So a March Madness-style tournament has an information content of 63 bits, if all you’re interested in is which teams win. You could communicate the outcome of the whole string of matches by indicating whether the “home” team wins or loses for each of the 63 distinct games. You could do it with 63 flashes of light, or a string of dots and dashes on a telegraph, or checked boxes on a largely empty piece of graphing paper, coins arranged tails-up or heads-up, or chunks of memory on a USB stick. We’re quantifying how much of the message is independent of the medium.

Reading the Comics, March 26, 2015: Kind Of Hanging Around Edition


I’m sorry to have fallen silent the last few days; it’s been a bit busy and I’ve been working on follow-ups to a couple of threads. Fortunately Comic Strip Master Command is still around and working to make sure I don’t disappear altogether, and I have a selection of comic strips which at least include a Jumble world puzzle, which should be a fun little diversion.

Tony Rubino and Gary Markstein’s Daddy’s Home (March 23) asks what seems like a confused question to me, “if you believe in infinity, does that mean anything is possible?” As I say, I’m not sure I understand how belief in infinity comes into play, but that might just reflect my background: I’ve been thoroughly convinced that one can describe collections of things that have infinitely many elements — the counting numbers, rectangles, continuous functions — as well as that one can subdivide things — like segments of a number line — infinitely many times — as well as of quantities that are larger than any finite number and so must be infinitely large; so, what’s to not believe in? (I’m aware that there are philosophical and theological questions that get into things termed “potential” and “actual” infinities, but I don’t understand the questions those terms are meant to address.) The phrasing of “anything is possible” seems obviously flawed to me. But if we take it to mean instead “anything not logically inconsistent or physically prohibited is possible” then we seem to have a reasonable question, if that hasn’t just reduced to “anything not impossible is possible”. I guess ultimately I just wonder if the kid is actually trying to understand anything or if he’s just procrastinating.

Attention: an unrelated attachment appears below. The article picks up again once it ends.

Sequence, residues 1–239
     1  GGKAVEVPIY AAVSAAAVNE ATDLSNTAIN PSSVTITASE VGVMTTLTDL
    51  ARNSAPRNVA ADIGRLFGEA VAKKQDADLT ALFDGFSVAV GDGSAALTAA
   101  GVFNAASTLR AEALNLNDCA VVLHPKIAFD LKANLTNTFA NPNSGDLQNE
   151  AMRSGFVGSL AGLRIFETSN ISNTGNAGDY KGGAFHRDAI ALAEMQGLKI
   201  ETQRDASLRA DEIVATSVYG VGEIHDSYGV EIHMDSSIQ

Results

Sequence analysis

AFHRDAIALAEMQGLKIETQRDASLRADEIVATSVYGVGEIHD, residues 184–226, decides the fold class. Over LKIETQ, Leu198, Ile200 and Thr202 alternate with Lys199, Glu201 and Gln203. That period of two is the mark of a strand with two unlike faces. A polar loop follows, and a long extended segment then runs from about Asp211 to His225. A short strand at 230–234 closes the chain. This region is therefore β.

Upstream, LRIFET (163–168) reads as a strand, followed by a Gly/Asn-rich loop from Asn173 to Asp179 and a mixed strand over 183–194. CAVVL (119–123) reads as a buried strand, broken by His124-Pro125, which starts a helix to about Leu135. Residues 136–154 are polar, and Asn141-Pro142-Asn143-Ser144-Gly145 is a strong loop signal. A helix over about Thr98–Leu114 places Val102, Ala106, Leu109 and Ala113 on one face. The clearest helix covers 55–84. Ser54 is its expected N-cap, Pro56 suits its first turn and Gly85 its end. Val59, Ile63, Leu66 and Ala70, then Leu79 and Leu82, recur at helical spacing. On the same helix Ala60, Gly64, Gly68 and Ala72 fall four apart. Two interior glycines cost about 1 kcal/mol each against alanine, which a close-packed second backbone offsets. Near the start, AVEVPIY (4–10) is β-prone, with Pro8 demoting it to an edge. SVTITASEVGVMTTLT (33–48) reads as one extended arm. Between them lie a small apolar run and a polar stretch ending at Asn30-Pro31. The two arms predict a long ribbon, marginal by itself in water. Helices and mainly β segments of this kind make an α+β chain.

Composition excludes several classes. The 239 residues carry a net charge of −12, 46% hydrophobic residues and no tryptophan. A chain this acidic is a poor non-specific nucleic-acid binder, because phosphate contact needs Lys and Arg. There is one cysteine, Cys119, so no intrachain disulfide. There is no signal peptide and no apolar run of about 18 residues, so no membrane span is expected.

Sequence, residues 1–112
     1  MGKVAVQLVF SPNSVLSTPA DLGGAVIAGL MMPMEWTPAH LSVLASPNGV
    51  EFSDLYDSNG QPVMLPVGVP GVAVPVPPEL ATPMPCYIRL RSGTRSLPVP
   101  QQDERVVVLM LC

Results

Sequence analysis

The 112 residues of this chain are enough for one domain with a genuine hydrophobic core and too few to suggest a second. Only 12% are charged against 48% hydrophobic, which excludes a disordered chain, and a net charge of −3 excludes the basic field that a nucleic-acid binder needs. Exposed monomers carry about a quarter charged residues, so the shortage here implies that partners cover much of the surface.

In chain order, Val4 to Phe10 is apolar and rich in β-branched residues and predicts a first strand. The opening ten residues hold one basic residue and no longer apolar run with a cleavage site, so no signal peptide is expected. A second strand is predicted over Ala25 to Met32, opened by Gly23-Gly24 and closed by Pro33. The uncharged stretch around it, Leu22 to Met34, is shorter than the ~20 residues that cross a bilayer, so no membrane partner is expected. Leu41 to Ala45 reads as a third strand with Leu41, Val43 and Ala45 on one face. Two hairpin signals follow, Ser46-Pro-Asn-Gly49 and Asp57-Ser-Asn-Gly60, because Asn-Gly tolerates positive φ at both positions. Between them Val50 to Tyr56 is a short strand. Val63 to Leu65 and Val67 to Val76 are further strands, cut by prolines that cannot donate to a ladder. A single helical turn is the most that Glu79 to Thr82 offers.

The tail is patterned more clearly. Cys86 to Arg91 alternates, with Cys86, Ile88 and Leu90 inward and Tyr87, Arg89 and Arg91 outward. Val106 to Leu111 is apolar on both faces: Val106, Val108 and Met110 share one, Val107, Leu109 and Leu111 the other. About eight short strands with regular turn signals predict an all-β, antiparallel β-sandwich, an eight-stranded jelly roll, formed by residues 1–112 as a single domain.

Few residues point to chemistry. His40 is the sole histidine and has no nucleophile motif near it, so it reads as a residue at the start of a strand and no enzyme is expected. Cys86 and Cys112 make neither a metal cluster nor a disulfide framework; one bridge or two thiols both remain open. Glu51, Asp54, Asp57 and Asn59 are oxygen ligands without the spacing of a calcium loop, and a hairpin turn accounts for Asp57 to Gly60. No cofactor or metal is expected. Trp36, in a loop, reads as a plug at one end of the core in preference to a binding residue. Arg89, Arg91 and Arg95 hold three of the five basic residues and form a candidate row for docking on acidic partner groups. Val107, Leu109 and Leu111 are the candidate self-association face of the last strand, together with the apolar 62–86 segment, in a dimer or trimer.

Continue reading “Reading the Comics, March 26, 2015: Kind Of Hanging Around Edition”

Reading the Comics, March 22, 2015: Word Problems Edition